What to Do If You See Someone Having a Heart Attack on a Plane

Flying thousands of feet above the ground isn’t just stressful for pilots; regular travelers should also be on guard for heart-related risks. Recent events highlight that our heroes of the sky, pilots, are suffering from heart issues mid-flight. But why is this happening, especially since they’re checked regularly?

What’s Affecting Pilots?

Pilots are tasked with the monumental responsibility of ensuring passenger safety. This alone can be stressful. But couple that with long hours, irregular sleep, and high-altitude conditions, and you have a perfect storm for heart strain. The reduced air pressure, dehydration, and the sedentary nature of flying all play their part. Notably, these conditions can cause arrhythmias, an abnormal heart rhythm.

Many are curious: can the stress of flying cause cardiac issues? Especially for those with existing heart problems? Indeed, if someone’s oxygen saturation is around 90% or they suffer from moderate heart failure, they might need on-board medical oxygen. Those with severe issues should think twice before flying commercially.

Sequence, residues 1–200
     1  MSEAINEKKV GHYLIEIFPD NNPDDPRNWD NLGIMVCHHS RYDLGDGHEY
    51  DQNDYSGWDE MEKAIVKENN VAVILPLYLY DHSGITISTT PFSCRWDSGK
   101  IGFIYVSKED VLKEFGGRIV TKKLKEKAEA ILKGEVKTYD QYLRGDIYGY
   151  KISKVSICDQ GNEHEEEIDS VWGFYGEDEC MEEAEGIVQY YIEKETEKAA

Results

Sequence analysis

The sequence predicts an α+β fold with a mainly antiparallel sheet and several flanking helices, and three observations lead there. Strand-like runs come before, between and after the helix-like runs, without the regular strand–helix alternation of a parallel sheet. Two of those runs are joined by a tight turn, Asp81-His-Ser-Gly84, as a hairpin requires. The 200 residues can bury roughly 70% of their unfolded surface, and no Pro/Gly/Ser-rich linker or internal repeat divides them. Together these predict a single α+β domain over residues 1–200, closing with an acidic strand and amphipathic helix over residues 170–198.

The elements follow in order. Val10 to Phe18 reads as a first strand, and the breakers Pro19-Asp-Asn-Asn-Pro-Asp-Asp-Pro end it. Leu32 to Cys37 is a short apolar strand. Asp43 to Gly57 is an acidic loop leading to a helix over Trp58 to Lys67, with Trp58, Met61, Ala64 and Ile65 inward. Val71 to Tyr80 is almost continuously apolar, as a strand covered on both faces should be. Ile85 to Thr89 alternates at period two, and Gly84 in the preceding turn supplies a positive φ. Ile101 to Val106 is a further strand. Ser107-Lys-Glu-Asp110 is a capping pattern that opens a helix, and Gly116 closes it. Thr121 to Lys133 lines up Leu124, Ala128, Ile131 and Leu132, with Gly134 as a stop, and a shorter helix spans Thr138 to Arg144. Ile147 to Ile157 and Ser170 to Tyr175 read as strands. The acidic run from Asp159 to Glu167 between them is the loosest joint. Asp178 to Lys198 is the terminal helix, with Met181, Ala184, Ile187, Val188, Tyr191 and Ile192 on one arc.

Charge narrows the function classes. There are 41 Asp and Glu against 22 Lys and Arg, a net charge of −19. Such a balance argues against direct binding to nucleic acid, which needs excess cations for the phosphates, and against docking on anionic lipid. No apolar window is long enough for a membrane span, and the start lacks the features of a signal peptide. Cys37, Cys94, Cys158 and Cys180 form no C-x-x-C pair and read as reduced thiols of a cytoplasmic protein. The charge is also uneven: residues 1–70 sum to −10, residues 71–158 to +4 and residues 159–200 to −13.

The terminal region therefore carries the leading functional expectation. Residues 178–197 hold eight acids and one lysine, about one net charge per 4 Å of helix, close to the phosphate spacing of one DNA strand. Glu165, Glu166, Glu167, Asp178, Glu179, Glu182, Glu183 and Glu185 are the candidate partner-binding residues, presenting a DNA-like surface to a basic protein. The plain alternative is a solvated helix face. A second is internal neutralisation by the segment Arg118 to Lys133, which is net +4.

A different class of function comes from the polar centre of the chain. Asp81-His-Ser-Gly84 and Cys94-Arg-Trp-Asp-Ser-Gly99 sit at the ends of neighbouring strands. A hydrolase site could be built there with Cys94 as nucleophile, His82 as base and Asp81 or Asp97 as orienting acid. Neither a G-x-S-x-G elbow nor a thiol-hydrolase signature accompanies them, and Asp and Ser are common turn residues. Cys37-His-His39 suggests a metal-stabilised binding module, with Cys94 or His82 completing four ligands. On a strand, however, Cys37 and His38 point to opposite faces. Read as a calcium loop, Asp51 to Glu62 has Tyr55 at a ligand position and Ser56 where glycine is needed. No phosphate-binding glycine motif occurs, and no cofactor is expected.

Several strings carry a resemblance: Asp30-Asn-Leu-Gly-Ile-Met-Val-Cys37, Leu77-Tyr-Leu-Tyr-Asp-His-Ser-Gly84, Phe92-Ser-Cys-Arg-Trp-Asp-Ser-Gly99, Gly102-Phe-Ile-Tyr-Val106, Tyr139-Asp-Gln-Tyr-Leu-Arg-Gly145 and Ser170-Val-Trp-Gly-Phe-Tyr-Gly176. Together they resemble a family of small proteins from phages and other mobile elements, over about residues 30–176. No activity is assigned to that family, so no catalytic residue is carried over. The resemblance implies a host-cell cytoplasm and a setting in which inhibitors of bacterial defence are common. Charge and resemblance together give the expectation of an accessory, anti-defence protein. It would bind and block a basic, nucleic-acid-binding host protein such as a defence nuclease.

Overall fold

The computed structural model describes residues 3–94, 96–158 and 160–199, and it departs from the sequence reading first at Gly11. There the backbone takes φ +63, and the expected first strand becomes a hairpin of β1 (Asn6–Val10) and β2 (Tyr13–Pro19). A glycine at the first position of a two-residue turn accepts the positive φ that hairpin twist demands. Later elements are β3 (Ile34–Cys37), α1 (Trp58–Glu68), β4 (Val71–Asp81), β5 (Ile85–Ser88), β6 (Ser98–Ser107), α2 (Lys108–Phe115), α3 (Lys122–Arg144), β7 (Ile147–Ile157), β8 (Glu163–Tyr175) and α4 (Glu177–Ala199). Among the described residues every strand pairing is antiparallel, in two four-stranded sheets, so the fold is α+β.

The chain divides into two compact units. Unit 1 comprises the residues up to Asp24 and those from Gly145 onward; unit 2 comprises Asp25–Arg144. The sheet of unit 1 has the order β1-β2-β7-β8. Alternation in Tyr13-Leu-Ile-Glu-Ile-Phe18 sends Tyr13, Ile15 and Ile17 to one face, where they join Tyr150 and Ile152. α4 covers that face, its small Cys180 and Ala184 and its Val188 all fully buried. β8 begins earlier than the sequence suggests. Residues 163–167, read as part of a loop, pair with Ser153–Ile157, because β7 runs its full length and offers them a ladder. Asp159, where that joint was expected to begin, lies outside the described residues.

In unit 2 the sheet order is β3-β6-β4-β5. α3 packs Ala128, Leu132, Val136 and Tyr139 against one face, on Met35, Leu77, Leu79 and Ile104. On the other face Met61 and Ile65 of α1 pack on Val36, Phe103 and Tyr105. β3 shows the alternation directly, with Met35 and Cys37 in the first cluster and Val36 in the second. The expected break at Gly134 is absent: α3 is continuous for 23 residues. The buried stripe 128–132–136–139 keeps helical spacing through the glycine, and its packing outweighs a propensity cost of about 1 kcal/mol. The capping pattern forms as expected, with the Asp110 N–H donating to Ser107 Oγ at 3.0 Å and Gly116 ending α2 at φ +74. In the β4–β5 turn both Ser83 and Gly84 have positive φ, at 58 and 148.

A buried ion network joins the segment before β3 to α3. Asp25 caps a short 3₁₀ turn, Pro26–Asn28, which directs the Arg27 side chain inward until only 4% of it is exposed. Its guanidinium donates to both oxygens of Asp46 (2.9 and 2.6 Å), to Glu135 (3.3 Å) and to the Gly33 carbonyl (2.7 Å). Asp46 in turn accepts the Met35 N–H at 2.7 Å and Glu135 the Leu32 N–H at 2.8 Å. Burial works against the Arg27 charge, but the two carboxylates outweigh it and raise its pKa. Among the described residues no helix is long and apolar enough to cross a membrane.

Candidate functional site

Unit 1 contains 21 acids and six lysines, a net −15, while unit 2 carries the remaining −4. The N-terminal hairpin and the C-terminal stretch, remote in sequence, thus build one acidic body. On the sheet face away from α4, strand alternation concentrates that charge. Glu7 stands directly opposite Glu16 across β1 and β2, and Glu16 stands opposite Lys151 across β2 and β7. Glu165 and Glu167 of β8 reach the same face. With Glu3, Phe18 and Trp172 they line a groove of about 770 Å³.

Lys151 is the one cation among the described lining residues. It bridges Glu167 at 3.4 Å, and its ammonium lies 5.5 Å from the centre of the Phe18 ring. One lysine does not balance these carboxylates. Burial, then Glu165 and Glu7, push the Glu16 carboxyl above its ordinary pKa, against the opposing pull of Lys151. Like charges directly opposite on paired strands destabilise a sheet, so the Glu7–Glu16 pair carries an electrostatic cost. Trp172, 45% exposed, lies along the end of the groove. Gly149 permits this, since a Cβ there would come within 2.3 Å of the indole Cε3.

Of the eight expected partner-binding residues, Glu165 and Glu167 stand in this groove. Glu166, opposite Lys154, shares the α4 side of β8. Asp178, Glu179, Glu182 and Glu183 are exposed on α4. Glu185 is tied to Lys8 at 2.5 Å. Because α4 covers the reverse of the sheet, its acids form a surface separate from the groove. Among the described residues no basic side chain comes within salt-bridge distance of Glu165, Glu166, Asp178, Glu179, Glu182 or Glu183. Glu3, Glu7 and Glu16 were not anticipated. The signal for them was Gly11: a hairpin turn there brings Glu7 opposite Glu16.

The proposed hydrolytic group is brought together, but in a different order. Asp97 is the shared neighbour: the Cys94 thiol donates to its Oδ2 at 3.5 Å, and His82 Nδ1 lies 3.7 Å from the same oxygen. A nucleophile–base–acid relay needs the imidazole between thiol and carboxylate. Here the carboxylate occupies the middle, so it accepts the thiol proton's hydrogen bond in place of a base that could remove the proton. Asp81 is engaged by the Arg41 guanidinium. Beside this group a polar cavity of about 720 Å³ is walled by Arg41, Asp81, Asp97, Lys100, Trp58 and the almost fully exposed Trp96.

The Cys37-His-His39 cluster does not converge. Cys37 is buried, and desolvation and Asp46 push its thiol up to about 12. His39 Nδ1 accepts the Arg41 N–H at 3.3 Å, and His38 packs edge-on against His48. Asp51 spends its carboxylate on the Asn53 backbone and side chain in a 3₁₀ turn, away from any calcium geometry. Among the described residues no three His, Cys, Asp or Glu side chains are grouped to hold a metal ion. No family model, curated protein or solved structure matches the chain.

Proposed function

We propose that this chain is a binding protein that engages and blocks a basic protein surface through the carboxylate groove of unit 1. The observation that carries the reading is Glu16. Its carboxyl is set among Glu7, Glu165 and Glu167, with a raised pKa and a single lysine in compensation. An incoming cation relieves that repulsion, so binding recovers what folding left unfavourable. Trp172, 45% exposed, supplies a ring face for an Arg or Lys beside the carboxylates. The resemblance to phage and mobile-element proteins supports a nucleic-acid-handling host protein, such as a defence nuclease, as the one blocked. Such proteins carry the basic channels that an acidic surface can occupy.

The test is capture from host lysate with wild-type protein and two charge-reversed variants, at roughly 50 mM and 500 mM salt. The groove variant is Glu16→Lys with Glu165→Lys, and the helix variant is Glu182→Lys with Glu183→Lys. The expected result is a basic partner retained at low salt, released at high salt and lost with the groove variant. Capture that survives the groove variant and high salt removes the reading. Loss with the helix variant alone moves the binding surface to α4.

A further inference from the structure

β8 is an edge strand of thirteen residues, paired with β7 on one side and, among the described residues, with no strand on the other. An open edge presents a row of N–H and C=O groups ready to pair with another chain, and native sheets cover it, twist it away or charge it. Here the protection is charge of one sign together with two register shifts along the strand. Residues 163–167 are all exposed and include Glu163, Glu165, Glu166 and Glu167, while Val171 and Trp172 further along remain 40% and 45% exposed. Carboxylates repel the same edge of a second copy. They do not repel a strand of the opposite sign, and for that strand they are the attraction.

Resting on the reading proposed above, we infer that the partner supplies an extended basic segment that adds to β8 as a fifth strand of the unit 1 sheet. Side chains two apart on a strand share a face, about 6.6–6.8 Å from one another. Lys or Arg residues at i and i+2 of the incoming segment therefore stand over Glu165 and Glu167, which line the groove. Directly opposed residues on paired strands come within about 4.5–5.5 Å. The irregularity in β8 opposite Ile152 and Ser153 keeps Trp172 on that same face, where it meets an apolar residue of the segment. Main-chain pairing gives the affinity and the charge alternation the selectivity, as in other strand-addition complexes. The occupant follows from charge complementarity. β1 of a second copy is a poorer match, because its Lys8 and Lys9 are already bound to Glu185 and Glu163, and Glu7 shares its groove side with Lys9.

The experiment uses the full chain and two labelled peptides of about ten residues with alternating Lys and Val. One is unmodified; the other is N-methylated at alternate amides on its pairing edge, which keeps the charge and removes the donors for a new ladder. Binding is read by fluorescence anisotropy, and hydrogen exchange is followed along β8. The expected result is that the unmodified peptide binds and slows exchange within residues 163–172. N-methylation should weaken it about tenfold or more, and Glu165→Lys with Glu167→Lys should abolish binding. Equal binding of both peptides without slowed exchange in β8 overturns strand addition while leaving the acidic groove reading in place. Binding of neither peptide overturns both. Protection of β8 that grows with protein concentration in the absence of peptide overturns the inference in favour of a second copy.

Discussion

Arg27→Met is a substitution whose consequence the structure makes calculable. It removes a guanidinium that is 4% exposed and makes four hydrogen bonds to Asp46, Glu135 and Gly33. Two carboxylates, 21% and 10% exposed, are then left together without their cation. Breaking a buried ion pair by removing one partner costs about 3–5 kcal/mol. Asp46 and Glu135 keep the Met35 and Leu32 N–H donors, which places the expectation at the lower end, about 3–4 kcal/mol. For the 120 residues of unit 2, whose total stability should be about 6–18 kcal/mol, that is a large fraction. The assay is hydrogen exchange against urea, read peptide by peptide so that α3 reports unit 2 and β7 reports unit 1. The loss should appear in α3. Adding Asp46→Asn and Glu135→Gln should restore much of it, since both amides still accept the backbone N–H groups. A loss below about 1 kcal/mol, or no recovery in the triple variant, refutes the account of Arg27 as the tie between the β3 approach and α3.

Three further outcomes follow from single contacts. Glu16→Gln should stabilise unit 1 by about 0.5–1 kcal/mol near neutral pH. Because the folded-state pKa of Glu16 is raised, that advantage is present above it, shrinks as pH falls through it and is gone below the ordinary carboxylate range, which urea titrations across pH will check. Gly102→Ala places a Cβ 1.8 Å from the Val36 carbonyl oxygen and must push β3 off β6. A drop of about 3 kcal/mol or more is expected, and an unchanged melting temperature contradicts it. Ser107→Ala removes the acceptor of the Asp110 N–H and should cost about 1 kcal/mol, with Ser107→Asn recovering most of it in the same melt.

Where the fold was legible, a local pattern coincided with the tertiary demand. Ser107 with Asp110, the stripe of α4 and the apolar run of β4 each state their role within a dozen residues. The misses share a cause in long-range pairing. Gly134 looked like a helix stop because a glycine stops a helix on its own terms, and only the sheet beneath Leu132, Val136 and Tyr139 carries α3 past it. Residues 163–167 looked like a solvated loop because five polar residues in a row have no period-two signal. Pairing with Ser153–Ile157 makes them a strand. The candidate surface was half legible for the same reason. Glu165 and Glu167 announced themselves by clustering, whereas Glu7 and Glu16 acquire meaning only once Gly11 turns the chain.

Preventing Mid-Air Health Issues

  1. Regular Medical Checks: Know your heart’s health early on.
  2. Healthy Living: Stay active, eat healthily, and manage stress.
  3. Prioritize Sleep: Good sleep isn’t just for babies; it’s crucial for your heart.
  4. Balanced Work Hours: Especially for pilots, reasonable hours and breaks are essential.

Advice for the Regular Jet-setter

It’s not just pilots; even frequent flyers need to be wary of heart risks. Travelling for long hours, adjusting to new time zones, and the general hustle and bustle of air travel can all be taxing on the heart.

So, how can you fly safer?

  • Stay Hydrated: Drink water regularly to fend off dehydration.
  • Move Around: Simple in-flight exercises can prevent blood clots. Think ankle circles and calf stretches.
  • Medication: Keep a good stock in your carry-on, just in case.
  • Dress Smart: Compression stockings can promote blood circulation.
  • Seat Choice: Opt for an aisle seat for easy movement.
  • Watch Your Diet: Limit caffeine, alcohol, and heavy meals mid-air.

If you have heart conditions, always get a health professional’s advice before a long flight. Stay safe and fly high!

Read More: How Regular Heart Checkups can Save Your Life?


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